Fertility Preservation in Male Adolescents and Young Adults With Cancer

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Teenage males undergoing treatment for cancer ranked future fertility high on their list of importance.
Teenage males undergoing treatment for cancer ranked future fertility high on their list of importance.

Future fertility is not always the first thing that comes to mind when cancer is diagnosed in an adolescent or young adult (AYA). Yet, with increasing survival rates conversations about preserving the future fertility of young cancer patients are becoming increasingly important.

Among teenage males undergoing cancer treatment, having children was ranked above making money, owning a home, faith, friends, or even a romantic relationship. Furthermore, male cancer survivors who experience infertility are also at higher risk of experiencing emotional distress. Yet according to a recent study, only 43.8% of male adolescent cancer patients banked sperm prior to undergoing cancer treatment.1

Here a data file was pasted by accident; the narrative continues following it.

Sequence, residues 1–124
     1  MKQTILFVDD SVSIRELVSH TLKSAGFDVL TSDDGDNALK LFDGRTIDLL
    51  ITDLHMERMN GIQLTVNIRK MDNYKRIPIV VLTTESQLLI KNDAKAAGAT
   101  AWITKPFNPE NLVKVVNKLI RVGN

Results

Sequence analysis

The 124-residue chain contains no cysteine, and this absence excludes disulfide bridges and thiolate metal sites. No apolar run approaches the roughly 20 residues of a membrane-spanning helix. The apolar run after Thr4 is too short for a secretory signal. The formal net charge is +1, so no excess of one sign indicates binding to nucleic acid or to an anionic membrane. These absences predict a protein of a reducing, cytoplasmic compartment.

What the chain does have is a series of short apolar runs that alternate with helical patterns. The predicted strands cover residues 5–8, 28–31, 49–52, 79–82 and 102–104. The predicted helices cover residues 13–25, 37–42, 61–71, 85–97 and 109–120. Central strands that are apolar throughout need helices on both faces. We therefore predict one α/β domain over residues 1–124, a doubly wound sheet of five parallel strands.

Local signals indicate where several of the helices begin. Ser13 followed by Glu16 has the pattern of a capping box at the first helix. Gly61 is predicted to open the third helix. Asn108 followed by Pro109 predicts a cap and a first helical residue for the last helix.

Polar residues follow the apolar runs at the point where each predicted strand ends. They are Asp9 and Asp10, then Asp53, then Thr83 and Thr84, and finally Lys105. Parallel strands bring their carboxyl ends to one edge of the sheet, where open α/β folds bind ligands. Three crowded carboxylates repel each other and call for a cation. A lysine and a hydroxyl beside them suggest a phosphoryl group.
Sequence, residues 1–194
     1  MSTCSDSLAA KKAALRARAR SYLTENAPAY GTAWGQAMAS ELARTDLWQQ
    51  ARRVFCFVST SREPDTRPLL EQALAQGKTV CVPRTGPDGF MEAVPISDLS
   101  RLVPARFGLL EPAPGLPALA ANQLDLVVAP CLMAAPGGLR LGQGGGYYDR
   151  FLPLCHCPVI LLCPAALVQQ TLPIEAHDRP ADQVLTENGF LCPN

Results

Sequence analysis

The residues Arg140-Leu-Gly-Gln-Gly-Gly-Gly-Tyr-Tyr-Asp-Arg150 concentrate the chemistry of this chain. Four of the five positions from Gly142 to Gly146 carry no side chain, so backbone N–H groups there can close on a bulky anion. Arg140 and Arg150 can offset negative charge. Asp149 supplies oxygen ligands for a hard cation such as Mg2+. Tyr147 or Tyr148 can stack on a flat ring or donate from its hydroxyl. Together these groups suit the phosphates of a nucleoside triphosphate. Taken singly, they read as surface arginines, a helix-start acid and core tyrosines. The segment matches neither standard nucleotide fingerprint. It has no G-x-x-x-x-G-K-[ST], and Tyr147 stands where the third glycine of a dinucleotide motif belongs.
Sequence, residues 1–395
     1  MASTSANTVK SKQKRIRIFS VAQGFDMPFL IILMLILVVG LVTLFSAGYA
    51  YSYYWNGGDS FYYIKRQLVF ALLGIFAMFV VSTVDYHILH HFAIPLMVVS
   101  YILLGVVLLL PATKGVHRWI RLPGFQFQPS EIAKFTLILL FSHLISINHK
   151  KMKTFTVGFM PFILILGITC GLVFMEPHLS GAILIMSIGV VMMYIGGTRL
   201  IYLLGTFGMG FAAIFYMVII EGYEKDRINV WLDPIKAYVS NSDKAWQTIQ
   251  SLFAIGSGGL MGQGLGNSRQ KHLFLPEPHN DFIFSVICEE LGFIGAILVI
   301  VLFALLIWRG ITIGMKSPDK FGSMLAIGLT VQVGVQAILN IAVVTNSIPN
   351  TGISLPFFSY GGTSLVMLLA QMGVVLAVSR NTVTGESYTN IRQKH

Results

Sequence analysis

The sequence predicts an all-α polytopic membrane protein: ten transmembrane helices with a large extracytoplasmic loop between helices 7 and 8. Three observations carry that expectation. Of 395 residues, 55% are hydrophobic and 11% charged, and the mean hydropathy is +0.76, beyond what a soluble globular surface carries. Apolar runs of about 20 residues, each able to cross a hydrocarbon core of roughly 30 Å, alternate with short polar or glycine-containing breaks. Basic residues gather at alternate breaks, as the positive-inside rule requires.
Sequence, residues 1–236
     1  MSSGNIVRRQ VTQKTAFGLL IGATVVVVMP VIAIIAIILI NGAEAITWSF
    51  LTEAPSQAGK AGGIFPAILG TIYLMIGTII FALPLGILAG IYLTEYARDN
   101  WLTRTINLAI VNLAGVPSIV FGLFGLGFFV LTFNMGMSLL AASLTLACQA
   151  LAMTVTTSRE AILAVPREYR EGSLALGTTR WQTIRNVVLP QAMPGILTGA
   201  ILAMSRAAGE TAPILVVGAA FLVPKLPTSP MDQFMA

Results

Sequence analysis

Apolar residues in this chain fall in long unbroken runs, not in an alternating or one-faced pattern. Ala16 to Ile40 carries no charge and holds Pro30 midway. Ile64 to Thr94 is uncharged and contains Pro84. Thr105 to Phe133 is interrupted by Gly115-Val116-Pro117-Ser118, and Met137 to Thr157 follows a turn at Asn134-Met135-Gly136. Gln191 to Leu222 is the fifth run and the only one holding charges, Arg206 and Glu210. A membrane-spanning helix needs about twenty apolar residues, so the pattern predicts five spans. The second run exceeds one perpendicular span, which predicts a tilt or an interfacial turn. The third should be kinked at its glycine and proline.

The study was the largest of its kind aimed at investigating the factors that influence sperm banking among AYA males. A total of 146 male patients with cancer ages 13 to 21 years old were surveyed. Alongside patients, 144 parents or guardians and 52 oncologists and other healthcare providers were also surveyed. The strongest predictors of choosing to bank sperm was a meeting with a fertility expert or recommendation from a parent. Among patients who met with fertility specialists, 30% attempted sperm banking, whereas 12% attempted sperm banking upon parental recommendation.

Physical maturity was also a strong factor in the decision to bank sperm. Of the surveyed male cancer patients 53% attempted sperm banking, 82% of which were successful. "More physically mature patients should be encouraged to make a collection attempt," said James Klosky, PhD, an associate member of the St. Jude Department of Psychology and lead author of the study.  

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